INSIGHTS, NEWS & DISCOVERIES
FROM IOACTIVE RESEARCHERS

Thursday, September 30, 2010

tech from flylogic is on Facebook

Nice place to see quick shots of general devices in Chris' life.

To prevent spammers, it's the tech @ address. See you there!

Monday, August 9, 2010

Atmel ATMEGA2560 Analysis (Blackhat follow-up)

At this years Blackhat USA briefings, the ATMEGA2560 was shown as an example of an unsecure vs. secure device.  We have received a few requests for more information on this research so here it goes...



The device did not even need to be stripped down because of designer lazyness back at Atmel HQ.  All we did was look for the metal plates we detailed back in our ATMEGA88 teardown last year and quickly deduced which outputs were the proper outputs in under 20 minutes.



Atmel likes to cover the AVR 'important' fuses with metal plating.  We assume to prevent the floating gate from getting hit with UV however the debunk to this theory is that UV will SET the fuses not clear them!



Image above shows you the location of the plates and two small red marks inside smaller, higher mag'd image.


For those who must absolutely know how to unlock the device, just click on the, "Money Shot!"

Sunday, August 8, 2010

Hardcore Reverse Engineering!

This was sent in by a reader of the blog. Kudos to you!

Saturday, August 7, 2010

Parallax Propeller P8X32A Quick Teardown

Parallax has a really neat 8 core 32 bit CPU called the 'Propeller'.  It's been out for a few years but it is gaining popularity.  There is no security with the device as it boots insecurely via a UART or I2C EEPROM.  None the less, we thought it was interesting to see an 8 core CPU decapsulated!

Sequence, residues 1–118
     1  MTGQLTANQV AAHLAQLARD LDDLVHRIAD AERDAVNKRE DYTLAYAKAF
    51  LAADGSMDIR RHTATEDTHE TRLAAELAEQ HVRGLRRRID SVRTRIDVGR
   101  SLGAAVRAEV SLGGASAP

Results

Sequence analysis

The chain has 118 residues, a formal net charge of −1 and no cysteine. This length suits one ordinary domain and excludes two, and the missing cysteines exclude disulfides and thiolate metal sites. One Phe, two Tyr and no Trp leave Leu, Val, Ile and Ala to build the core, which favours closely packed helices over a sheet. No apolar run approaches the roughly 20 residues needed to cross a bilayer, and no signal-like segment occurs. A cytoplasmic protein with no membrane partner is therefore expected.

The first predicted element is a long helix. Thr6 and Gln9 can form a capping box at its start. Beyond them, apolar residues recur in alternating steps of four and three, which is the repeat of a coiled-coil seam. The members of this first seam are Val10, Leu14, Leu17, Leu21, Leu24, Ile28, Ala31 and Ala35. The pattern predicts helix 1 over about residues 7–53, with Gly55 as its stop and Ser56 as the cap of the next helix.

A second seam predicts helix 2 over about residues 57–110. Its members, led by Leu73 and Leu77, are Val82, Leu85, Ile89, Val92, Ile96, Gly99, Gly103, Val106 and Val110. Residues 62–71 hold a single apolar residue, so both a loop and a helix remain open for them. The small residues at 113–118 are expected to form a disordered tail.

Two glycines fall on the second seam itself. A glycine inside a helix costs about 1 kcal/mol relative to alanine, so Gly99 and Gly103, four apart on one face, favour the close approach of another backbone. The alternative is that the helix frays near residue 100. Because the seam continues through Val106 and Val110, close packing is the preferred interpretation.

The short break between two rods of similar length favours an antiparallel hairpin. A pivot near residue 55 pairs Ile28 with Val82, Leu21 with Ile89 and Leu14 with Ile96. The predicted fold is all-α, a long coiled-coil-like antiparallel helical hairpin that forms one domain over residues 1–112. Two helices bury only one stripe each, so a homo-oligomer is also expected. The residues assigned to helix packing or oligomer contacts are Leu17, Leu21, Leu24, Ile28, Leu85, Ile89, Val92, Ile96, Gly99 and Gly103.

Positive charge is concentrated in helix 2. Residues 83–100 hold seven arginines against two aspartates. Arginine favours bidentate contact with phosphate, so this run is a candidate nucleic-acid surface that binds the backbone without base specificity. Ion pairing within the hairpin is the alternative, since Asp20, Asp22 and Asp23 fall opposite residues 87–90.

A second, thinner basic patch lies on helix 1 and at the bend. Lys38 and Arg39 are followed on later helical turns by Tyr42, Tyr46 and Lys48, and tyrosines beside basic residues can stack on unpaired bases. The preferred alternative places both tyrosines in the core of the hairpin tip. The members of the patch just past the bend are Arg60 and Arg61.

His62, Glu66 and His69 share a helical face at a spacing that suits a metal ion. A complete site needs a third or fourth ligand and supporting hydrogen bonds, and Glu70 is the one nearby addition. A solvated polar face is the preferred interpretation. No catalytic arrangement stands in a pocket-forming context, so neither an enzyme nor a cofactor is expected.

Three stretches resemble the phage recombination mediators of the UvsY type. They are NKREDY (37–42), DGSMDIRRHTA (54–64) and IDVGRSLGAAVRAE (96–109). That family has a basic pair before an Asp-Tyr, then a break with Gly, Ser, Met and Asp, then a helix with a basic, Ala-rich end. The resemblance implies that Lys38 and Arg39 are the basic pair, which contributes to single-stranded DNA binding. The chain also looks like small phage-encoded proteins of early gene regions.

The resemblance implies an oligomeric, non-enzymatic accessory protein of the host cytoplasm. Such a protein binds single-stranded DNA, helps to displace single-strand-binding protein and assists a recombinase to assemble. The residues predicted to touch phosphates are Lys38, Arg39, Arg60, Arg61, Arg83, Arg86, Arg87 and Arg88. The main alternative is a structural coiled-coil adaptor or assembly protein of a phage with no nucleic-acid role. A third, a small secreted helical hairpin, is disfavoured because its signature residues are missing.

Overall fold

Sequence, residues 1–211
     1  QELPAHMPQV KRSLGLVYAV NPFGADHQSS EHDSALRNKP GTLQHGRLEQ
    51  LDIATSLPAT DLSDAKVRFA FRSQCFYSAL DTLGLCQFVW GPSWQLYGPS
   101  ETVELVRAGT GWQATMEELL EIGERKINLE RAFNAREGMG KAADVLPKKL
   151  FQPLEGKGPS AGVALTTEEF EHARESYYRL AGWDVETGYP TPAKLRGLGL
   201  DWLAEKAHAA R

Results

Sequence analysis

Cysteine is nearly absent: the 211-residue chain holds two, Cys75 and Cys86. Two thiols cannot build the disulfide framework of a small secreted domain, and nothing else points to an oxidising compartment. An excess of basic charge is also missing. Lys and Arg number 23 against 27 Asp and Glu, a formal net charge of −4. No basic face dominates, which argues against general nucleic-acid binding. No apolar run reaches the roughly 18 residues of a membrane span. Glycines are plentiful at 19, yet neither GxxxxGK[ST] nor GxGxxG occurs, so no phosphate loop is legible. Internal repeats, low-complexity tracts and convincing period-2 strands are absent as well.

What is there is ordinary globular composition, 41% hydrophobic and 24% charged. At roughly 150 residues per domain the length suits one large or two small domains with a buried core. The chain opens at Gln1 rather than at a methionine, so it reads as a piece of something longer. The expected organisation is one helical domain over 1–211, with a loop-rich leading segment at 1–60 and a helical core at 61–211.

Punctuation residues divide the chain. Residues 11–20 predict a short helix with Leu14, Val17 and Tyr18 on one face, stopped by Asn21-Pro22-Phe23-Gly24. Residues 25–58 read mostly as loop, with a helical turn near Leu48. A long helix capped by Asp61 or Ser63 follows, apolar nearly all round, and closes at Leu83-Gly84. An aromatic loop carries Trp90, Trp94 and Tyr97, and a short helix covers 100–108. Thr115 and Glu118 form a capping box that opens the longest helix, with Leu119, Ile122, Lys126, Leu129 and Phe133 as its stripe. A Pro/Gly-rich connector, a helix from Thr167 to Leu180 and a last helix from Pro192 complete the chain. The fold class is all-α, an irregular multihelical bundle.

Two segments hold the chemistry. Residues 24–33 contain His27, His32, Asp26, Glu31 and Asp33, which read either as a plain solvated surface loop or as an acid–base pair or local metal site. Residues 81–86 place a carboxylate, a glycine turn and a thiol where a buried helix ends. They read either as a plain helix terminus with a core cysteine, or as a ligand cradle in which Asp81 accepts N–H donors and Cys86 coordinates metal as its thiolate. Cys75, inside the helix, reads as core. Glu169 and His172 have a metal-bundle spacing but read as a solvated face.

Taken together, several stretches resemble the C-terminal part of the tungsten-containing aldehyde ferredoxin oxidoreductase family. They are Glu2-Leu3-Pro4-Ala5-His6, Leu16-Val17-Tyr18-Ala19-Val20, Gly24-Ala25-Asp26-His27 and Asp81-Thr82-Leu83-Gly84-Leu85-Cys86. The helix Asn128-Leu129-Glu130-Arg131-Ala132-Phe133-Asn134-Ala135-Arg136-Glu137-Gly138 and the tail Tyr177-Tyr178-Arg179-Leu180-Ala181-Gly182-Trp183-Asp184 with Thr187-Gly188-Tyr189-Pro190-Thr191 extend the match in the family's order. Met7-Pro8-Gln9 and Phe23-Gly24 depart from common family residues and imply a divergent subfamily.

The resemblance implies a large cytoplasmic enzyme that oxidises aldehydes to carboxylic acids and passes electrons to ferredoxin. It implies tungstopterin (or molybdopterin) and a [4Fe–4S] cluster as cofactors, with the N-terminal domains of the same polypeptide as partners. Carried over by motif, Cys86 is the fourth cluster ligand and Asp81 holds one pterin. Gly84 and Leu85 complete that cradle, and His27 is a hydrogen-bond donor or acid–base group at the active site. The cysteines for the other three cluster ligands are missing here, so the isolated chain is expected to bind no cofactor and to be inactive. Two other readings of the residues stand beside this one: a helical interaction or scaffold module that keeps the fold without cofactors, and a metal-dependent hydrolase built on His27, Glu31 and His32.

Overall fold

The image above is the Propeller optically imaged 50x magnification.  One can clearly see 8 columns that appear almost symmetric (except in the middle region).  The upper 8 squares are each 'cogs' 512 * 32 SRAMs as described in the manual.  The middle left 4 and right 4 squares are the ROM's Parallax describes.  The 8 rectangular objects are the 32KB SRAM as described.  The 8 cores are basically the 8 columns above the middle ROM's to include the 512 * 32 SRAMs because they describe each cog as having it's own 512 * 32 SRAM :).



After removing the top metal (consisted mainly of routing tracks), we can see the 8 cores a little more clearly.  The metal over the 4 left ROMs has begun to remove as well in the image.



Above is a single COG rotated 90 degrees clockwise.  There are 8 of these objects in the upper half of the die.



Last but not least is the logo by Parallax.  Nice job Parallax on this beast!  We have one favor-  implement some flash on the next generation with a security bit ;).

Friday, August 6, 2010

Echostar v NDS appellate court ruling update

Normally, I would not mix non-technical with the blog however I thought this deserved a little more attention that it has received.

The ruling which states that NDS has won the lawsuit, vindicates myself and puts Echostar owing NDS almost 18,000,000.00 USD has come down as of 2 days ago.  You can download ruling in PDF form here.

As well I thought it nice to mention that neither Flylogic nor myself works for/or with Echostar, Nagra, NDS or any other conditional access company in any way or form.